With our essays handed in and the end of term in sight, the MA Documenting Fashion class caught the train from Waterloo to that great red royal palace on the Thames, Hampton Court. The Royal Ceremonial Dress Collection was the reason for our visit, and we were welcomed into the archives by curator Eleri Lynn, fresh from the opening of her new exhibition at Kensington Palace, ‘Diana: Her Fashion Story.’ The Royal Ceremonial Dress Collection comprises dress worn by members of the Royal Family, by officials and dignitaries undertaking ceremonial roles, and court dress. The collection dates from the 18th to the late 20th century.
In keeping with our course’s period of specialism, Lynn had selected pieces from 1920-1960 worn by young women on occasion of their presentation at court. After making their entrance into society in this way, the young women were permitted to attend court events and mix with the rest of the aristocracy; many would use the opportunity to catch the eye of an eligible young man and marry. Whether you were a young debutante or a sponsor – usually the girl’s mother, mother-in-law or guardian – there were strict rules about how to dress issued by the Lord Chamberlain’s Office. Gowns were white or pale in colour, with a train of specified length; three white feathers were worn in the hair to recall the emblem of the Prince of Wales; gloves were worn, and a fan carried. Slight shifts occurred over time, before the ceremony was abolished in 1958; Prince Phillip reportedly thought it ‘daft’ and Princess Margaret famously declared that ‘we had to put a stop to it … every tart in London was getting in!’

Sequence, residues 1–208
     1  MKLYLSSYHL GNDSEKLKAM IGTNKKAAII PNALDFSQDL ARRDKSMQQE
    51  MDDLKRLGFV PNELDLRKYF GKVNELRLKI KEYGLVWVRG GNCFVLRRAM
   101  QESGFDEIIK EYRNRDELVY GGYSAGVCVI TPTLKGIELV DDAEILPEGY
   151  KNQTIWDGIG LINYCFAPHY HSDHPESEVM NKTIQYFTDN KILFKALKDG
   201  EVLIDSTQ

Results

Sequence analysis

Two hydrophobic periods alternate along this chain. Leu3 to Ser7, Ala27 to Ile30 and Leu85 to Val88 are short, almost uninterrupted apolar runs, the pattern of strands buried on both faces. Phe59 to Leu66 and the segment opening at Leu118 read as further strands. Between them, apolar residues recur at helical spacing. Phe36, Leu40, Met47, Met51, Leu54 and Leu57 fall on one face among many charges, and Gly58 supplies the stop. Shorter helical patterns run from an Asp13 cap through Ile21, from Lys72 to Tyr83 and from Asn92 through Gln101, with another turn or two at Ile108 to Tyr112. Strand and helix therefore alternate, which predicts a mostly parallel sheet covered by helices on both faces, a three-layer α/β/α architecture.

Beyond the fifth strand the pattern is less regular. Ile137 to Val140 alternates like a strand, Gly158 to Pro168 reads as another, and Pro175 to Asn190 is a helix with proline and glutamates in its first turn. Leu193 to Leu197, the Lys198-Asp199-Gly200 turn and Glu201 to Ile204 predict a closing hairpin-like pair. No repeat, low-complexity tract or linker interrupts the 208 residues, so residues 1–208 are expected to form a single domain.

Delving into the boxes, we found a range of dresses and trains, most of them worn from the shoulder, crafted from the most luxurious and decadent fabrics. Freed from their layers of conservation tissue paper: a beige net dress worn for the 22nd July 1926 presentation by Miss Fraser made by Jays of London; a sequined ivory train; a salmon pink silk velvet train with silver beading worn by Lady Eversham in 1926, a highlight.
The boxes kept coming. A tasseled iridescent green gown with silver trim worn by Beatrice Pease, who later became Countess of Portsmouth, was handled with great care, likely as it was to split or shatter as a result of the chemical dyes used at the turn of the century, too heavy on tin. A pale blue silk georgette dress with black lace and ribbons (conservation efforts on the lace are in evidence) betray the fact that its wearer in 1937, sponsor Lady Gwendoline Benn, was in mourning. These were hugely sentimental dresses, many of which, when gifted, came with the original invitations, anecdotes and photographs of their first outing.
A huge thank you to Eleri for showing us these treasures. We spent the rest of the day waltzing around Henry VIII’s rooms and taking a turn around the splendid gardens, planning a further trip for when the flowers are in bloom.